Hungarian[9] tű [t̪ÿː] 'pin' Centralized. See Hungarian phonology
Lombard düü [dyː] 'two'
Mongolian[10] түймэр tüimer [tʰyːmɘɾɘ̆] 'prairie fire'
North Frisian hüüs [hyːs] 'hoarse'
Occitan Gascon lua [ˈlyo̞] 'moon' See Occitan phonology
Languedocien luna [ˈlyno̞]
Portuguese[11] Brazilian déjà vu [d̪e̞ʒɐ ˈvy] 'déjà vu' Found in French and German loanwords. Speakers with little contact with target language may instead use [u], if unstressed, or [i], if stressed. See Portuguese phonology
Scots buit [byt] 'boot'
Turkish[12] güneş [ɟÿˈneʃ] 'sun' Centralized. See Turkish phonology

Close front protruded vowel[edit]

Close front protruded vowel

Catford notes that most languages with rounded front and back vowels use distinct types of labialization, protruded back vowels and compressed front vowels. However, a few languages, such as Scandinavian ones, have protruded front vowels. One of these, Swedish, even contrasts the two types of rounding in front vowels (see near-close near-front rounded vowel, with Swedish examples of both types of rounding).

As there are no diacritics in the IPA to distinguish protruded and compressed rounding, an old diacritic for labialization,   ̫, will be used here as an ad hoc symbol for protruded front vowels. Another possible transcription is or (a close front vowel modified by endolabialization), but this could be misread as a diphthong.



Language Word IPA Meaning Notes
Norwegian Standard Eastern[13] syd [sy̫ːd] 'south' See Norwegian phonology
Swedish Central Standard[14] yla About this sound [y̫ːl̪ä]  'howl' May be a sequence [yɥ] instead.[15] See Swedish phonology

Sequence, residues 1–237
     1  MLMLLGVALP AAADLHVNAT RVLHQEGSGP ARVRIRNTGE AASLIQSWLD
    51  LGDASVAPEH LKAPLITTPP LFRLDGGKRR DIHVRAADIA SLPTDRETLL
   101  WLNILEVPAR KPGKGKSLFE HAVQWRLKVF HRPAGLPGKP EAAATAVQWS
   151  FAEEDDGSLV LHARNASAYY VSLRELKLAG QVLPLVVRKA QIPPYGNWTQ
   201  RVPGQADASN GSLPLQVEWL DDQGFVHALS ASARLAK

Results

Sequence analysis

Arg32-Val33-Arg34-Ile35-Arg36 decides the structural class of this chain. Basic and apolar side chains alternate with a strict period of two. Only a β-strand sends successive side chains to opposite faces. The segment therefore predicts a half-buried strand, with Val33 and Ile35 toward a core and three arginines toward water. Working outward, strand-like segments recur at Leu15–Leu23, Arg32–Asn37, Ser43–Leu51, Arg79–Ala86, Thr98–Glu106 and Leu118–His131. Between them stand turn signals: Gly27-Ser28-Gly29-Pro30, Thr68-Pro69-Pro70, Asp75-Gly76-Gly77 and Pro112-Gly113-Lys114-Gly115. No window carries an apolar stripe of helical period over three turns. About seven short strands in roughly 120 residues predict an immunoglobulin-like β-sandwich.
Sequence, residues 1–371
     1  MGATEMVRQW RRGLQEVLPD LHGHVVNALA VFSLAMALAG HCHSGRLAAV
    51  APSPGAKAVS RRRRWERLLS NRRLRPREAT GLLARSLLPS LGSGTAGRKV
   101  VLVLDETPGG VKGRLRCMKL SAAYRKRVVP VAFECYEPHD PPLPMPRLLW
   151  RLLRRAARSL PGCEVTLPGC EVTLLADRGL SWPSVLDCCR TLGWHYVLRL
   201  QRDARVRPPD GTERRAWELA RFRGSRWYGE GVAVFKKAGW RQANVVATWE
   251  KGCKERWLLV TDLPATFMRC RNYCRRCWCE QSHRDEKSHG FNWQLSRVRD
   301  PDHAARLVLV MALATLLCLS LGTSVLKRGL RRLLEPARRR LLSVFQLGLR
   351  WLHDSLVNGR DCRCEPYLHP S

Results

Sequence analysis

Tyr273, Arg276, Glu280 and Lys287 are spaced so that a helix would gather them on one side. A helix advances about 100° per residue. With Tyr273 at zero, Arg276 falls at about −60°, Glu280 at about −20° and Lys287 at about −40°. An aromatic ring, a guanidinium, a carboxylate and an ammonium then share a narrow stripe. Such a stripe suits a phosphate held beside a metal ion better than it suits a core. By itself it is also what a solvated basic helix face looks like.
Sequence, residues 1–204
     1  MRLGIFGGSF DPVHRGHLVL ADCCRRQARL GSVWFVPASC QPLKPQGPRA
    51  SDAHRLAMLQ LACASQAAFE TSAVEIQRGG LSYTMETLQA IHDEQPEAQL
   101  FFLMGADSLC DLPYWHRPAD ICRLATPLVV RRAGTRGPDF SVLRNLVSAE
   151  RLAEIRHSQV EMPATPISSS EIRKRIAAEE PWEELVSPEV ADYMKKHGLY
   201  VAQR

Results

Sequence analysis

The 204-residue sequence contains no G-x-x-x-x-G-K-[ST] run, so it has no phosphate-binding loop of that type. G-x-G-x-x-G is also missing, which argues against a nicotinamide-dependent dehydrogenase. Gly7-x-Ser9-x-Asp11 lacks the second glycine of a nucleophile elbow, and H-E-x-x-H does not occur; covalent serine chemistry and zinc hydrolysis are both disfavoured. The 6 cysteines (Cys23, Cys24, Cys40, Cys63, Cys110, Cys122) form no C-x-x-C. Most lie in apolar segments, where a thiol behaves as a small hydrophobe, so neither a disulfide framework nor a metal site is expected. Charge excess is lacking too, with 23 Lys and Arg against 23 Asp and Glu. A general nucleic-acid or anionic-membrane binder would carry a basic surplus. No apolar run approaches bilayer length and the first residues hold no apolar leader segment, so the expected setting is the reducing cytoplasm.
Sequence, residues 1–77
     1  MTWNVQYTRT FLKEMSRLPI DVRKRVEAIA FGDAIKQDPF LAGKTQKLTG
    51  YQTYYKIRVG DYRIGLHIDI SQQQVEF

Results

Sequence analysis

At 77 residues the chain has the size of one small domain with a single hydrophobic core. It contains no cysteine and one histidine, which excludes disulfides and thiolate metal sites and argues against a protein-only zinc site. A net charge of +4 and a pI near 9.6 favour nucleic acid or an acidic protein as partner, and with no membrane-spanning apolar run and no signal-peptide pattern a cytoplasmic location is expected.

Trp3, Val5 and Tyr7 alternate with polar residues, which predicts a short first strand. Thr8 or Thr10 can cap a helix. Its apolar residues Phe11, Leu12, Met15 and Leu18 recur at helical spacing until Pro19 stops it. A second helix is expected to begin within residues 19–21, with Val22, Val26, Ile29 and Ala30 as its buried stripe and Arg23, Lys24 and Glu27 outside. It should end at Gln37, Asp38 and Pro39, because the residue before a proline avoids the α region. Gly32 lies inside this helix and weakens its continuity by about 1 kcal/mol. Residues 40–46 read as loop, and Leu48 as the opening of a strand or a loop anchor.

See also[edit]



  • Engstrand, Olle (1999), "Swedish", Handbook of the International Phonetic Association: A Guide to the usage of the International Phonetic Alphabet, Cambridge: Cambridge University Press, p. 140, ISBN 0-521-63751-1 
  • Fougeron, Cecile; Smith, Caroline L. (1993), "French", Journal of the International Phonetic Association 23 (2): 73–76, doi:10.1017/S0025100300004874 
  • Iivonen, Antti; Harnud, Huhe (2005), "Acoustical comparison of the monophthong systems in Finnish, Mongolian and Udmurt", Journal of the International Phonetic Association 35 (1): 59–71, doi:10.1017/S002510030500191X 
  • Kohler, Klaus J. (1999), "German", Handbook of the International Phonetic Association: A guide to the use of the International Phonetic Alphabet, Cambridge: Cambridge University Press, pp. 86–89, ISBN 0-521-65236-7 
  • Lass, Roger (2002), "South African English", in Mesthrie, Rajend, Language in South Africa, Cambridge University Press, ISBN 9780521791052 
  • Mangold, Max (2005), Das Aussprachewörterbuch, Duden, ISBN 9783411040667 
  • Szende, Tamás (1994), "Hungarian", Journal of the International Phonetic Alphabet 24 (2): 91–94, doi:10.1017/S0025100300005090 
  • Vanvik, Arne (1979), Norsk fonetik, Oslo: Universitetet i Oslo, ISBN 82-990584-0-6 
  • Verhoeven, Jo (2005), "Belgian Standard Dutch", Journal of the International Phonetic Association 35 (2): 243–247, doi:10.1017/S0025100305002173 
  • Watson, Kevin (2007), "Liverpool English", Journal of the International Phonetic Association 37 (3): 351–360 
  • Suomi, Kari; Toivanen, Juhani; Ylitalo, Riikka (2008), Finish sound structure, ISBN 978-951-42-8983-5 
  • Zimmer, Karl; Orgun, Orhan (1999), "Turkish", Handbook of the International Phonetic Association: A guide to the use of the International Phonetic Alphabet, Cambridge: Cambridge University Press, pp. 154–158, ISBN 0-521-65236-7